In light of all the attention being given to the Supreme Court lately, I thought I’d provide a little SCOUSA trivia. Here’s information on the first case ever handled by the Supreme Court.
Chisholm v. Georgia (1793) is generally considered to be the first substantial case decided by the Supreme Court. It held that the federal courts could hear individual lawsuits against states. It also firmly established the Supreme Court as final arbiter of all constitutional disputes.
Article III, Section 1 of the United States Constitution established the presence of a Supreme Court, but punted on the organizational details. The Judiciary Act of 1789 handled those, codifying the office of attorney general, the Supreme Court, and the system of lower federal district courts.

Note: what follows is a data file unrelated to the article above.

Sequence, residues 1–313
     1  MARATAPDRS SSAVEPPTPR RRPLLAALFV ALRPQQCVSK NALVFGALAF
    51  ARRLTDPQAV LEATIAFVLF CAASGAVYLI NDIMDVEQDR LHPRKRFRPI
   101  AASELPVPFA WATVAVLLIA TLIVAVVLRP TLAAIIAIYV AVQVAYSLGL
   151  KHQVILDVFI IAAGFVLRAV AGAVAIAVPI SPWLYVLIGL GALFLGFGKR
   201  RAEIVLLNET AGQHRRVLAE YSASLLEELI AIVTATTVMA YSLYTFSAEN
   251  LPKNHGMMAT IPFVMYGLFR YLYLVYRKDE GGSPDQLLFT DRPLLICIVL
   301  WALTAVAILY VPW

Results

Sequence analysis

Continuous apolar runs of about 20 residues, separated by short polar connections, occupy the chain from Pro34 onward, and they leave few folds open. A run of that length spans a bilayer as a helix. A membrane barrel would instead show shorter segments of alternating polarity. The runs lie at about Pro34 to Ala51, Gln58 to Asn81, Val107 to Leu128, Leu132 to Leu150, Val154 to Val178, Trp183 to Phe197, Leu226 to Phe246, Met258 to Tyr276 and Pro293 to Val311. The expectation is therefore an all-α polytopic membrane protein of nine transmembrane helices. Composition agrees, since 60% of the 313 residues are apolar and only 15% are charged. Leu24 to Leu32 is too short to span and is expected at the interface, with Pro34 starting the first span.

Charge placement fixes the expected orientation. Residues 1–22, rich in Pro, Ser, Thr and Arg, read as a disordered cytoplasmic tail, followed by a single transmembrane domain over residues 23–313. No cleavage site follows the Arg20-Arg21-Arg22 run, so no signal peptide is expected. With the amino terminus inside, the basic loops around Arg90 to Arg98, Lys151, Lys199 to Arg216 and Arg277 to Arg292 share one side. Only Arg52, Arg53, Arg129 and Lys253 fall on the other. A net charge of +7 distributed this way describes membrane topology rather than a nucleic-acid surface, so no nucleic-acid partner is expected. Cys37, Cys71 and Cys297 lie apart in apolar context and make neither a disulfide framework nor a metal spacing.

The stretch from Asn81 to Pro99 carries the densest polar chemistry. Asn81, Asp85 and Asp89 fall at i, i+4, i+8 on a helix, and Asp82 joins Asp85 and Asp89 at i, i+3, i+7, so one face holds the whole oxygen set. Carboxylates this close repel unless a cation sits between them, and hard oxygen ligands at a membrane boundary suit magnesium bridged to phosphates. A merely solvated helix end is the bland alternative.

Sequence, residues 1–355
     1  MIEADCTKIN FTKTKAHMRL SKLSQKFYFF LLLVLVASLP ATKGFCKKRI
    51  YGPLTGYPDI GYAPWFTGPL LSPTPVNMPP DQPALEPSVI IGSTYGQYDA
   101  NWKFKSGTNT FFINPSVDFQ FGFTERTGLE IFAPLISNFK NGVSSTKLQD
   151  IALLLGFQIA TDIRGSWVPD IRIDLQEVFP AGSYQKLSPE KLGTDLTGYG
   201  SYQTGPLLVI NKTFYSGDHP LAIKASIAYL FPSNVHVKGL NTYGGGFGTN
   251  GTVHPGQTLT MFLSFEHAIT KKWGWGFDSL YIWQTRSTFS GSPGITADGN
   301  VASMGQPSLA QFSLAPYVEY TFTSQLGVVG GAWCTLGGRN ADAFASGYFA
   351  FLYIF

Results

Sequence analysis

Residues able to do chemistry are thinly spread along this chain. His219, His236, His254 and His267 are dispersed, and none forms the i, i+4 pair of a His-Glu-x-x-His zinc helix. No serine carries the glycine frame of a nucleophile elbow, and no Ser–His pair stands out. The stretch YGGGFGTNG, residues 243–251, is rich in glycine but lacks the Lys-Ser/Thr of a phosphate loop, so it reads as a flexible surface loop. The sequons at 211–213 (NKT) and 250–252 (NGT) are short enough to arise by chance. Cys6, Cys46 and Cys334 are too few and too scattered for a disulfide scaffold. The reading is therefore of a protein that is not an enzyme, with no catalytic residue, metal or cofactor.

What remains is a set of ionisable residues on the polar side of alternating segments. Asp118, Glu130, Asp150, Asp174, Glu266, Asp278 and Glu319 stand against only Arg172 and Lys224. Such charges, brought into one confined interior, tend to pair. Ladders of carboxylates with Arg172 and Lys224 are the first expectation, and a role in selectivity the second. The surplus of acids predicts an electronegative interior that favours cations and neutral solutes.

The first Supreme Court was introduced on February 2, 1790 in New York, the country’s temporary capital. Headed by the diplomat John Jay, the court had one chief justice and five associate justices. All six men had helped draft the Constitution.
Since the Supreme Court was established to handle appeals from lower district courts, and the entire judiciary system was brand-spanking new, business was initially quite slow. The justices spent their time getting organized, hearing qualifications from lawyers, and traveling the country inspecting lower courts.